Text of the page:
There’s an oil spill in the Gulf of Mexico that has been ongoing since 2004, potentially spilling as much or more oil over the course of 17 years as the Deepwater Horizon disaster. Yet rather than being held accountable, the owner of the company at fault used the slow cleanup as a write-off so she could pay no federal income tax, according to a new ProPublica report. The story, which is part of a larger series ProPublica is running analysing leaked documents showing the ways the ultra-wealthy wiggle out of paying taxes, shows how a disaster and government-ordered environmental cleanup can be used as tools by the rich to make even more money.
ProPublica analysed 13 years of personal tax returns from Phyllis Taylor, the owner of Taylor Energy. A rig owned by the company first sprung a leak in the Gulf following 2004’s Hurricane Ivan. In that period, between 2005 — the year after the spill started — and 2018, ProPublica found that Taylor paid no income taxes on the $US444 (A$621) million she earned. She got away with this in part thanks to claiming a massive financial loss that, by Taylor Energy’s former CEO’s estimate, doesn’t exist, and an ineffective cleanup. All this happened even as the leak her company caused continued to spill thousands of gallons of oil a day into the ocean, endangering marine life.
Taylor’s financial windfall actually kicked off with a personal tragedy: Her husband, Patrick Taylor, the founder of Taylor Energy, died in 2004, just a few months after Hurricane Ivan. Fortunately for Taylor’s finances, U.S. tax law actually allows spouses to inherit companies with zero estate tax involved — a loophole that is projected to cost the U.S. Treasury around $US500 (A$700) billion in lost revenue over the next 10 years. Taylor, then 63, was essentially gifted ownership of the company without any of the large capital gains tax that her husband would have had to pay had he decided to sell the company to an outside party.
In 2008, Taylor decided she wanted out of Taylor Energy, and sold off its assets to two South Korean companies for $US1.25 (A$1.75) billion. Because she’d inherited the company without any associated tax, and because Taylor Energy was a private company, her accountants were able to perform a bit of tax magic: They assigned the company an incredibly high value, meaning that, on paper, the $US1.25 (A$1.75) billion sale would look like it was an undersell. Taylor was then allowed to report a loss on the sale of $US211 (A$295) million — despite personally getting around $US1.2 (A$1.7) billion out of the sale. That loss meant she didn’t have to pay any taxes on her income from the sale — and even got scored a $US30 (A$42) million refund on past taxes. (Must be nice.)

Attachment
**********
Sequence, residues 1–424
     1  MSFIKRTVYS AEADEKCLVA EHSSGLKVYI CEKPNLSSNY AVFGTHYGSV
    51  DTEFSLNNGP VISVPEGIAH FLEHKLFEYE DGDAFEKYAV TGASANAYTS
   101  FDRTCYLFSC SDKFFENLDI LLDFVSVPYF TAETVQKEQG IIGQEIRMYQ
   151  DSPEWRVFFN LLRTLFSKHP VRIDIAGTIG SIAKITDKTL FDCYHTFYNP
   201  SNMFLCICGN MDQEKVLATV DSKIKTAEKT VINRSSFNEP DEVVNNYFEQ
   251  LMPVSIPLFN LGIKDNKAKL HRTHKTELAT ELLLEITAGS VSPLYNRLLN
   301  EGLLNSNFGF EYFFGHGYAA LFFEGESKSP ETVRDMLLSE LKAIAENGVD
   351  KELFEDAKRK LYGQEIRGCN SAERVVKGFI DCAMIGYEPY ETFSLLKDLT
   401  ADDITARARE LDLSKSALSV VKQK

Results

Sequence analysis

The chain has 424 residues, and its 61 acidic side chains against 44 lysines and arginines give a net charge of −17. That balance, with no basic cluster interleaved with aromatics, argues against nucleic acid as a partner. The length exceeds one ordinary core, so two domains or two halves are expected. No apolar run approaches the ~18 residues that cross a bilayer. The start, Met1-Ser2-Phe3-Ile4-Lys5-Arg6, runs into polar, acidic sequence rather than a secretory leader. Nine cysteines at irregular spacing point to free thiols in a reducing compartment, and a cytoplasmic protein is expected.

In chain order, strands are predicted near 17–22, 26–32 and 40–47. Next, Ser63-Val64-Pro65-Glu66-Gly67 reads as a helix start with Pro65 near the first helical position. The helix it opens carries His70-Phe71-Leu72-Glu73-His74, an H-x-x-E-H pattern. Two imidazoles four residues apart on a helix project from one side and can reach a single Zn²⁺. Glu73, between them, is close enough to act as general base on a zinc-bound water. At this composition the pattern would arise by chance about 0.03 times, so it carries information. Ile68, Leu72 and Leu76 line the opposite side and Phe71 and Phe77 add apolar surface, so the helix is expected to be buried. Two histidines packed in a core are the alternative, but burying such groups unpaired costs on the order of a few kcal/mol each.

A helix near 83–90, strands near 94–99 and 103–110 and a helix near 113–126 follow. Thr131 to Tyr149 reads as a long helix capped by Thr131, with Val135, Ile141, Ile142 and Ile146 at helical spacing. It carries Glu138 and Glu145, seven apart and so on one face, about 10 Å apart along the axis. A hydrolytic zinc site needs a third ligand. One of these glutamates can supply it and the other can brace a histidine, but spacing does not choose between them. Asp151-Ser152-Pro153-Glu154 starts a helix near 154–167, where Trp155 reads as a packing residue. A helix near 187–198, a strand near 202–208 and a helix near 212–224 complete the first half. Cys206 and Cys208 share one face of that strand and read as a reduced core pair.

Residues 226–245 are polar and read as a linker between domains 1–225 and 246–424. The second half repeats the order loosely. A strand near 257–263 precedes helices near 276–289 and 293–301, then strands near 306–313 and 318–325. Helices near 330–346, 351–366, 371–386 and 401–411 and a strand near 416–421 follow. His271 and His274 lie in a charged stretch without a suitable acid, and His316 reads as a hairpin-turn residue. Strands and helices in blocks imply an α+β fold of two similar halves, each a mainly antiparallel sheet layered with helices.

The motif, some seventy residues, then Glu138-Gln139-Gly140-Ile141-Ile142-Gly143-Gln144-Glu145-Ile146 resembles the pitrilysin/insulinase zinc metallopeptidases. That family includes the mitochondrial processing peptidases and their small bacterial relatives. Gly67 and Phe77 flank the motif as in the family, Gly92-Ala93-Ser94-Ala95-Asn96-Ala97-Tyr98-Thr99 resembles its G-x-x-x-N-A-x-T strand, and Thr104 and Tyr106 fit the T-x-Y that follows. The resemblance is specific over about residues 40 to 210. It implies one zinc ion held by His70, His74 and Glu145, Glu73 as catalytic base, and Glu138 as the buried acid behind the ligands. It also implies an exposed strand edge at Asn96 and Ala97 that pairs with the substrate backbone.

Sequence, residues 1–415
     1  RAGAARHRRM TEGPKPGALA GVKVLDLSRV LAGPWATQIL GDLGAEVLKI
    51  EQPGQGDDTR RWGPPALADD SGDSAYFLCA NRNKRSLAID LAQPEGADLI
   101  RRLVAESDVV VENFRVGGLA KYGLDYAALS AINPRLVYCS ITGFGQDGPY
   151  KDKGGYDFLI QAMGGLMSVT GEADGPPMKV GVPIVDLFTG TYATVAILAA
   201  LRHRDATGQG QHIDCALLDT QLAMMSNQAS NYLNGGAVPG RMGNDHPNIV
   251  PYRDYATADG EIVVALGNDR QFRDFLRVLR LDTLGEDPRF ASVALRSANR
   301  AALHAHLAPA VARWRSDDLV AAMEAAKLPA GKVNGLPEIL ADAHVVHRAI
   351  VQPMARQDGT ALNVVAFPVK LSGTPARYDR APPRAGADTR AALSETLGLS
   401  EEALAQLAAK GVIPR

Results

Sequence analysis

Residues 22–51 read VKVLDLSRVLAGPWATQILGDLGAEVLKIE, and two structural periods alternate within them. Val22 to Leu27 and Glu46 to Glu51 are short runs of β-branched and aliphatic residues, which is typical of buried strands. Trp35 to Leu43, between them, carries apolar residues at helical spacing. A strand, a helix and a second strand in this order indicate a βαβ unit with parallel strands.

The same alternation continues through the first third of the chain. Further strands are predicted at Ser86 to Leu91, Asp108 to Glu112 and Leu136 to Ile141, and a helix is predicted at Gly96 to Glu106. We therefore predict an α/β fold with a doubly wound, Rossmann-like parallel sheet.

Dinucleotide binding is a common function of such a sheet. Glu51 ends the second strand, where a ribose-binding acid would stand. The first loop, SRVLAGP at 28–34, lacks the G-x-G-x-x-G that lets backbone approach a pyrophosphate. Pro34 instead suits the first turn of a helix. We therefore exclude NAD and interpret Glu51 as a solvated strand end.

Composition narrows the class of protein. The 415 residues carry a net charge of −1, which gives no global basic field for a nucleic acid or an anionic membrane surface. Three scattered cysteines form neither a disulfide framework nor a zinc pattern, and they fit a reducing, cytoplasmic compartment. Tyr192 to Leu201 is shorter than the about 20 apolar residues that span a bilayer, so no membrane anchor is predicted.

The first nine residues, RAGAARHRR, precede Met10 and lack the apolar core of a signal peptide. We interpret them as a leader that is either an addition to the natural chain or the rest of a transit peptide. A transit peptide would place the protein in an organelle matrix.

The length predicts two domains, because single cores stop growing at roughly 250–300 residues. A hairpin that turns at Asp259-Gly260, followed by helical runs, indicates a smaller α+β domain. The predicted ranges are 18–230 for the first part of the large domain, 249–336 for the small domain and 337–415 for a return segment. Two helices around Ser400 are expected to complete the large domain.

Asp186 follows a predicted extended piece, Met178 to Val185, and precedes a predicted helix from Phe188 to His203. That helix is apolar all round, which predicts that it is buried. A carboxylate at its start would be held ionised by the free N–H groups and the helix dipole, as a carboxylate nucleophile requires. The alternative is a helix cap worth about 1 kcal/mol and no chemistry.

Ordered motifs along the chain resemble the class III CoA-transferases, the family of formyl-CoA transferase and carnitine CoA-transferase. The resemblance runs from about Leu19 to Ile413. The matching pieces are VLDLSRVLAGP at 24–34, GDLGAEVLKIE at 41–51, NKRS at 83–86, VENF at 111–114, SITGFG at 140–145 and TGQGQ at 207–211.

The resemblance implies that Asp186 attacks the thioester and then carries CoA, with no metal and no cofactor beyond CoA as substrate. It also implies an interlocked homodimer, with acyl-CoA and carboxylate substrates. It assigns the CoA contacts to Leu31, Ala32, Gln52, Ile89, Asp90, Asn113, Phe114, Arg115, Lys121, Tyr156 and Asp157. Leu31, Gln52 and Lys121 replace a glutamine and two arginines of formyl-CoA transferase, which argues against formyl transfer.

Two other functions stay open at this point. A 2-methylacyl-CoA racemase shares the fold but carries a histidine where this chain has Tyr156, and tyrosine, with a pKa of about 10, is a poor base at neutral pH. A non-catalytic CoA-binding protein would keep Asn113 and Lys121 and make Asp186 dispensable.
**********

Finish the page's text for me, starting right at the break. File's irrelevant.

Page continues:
Taylor’s grift kept going, buoyed, incredibly, on cleanup for the huge mess her company had made in the Gulf. A few months after she sold the company, the federal government negotiated a deal with Taylor Energy that mandated it create a $US666 (A$932) million trust entirely devoted to cleaning up the still-leaking well. Because of the way the company was set up, this trust was linked to Taylor’s personal financial accounts — and she was allowed to write off those cleanup costs on her personal taxes.
Even as Taylor was reaping financial rewards from the spill, she and her company were dragging their feet on cleanup, blocking attempts to make the extent of the disaster known and claiming that the leak was impossible to plug. The company was also simultaneously launching a series of (failed) legal actions against the government to try and get back some of the money it was spending on cleanup. They also consistently claimed that the spill was only leaking 11 to 18 litres per day; those figures were later revisited by the National Oceanic and Atmospheric Administration, which report estimated that the leak was more than 900 times larger than Taylor’s figures in a 2019 report.
As ProPublica reported, Phyllis Taylor’s reported “losses” from the sale of her company as well as the cleanup are enough to keep her in the red tax-wise for several more years. The spill’s impacts will also play out for several more years, if not longer.
“Some [species] will recover faster, while others may take decades,” Martin Grosell, a professor of marine biology and ecology at the University of Miami, said in 2019 Q&A about the spill on the university’s site. “Such differences in recovery rates may lead to unbalanced ecosystems with consequences for some species even if these species were not directly impacted by the spill itself. However, considering past spills, recovery can, in some cases, take decades.”
As big oil companies come under increasing scrutiny for their misdeeds, Taylor’s story is a reminder that lesser-known companies have played major roles in causing environmental damage, from a tiny Alabama oil and gas producer snapping up more wells than Exxon to an oil midmajor belching out more methane than the brand name companies. Those companies face less scrutiny and are able to get away from more — and make some serious money in the process.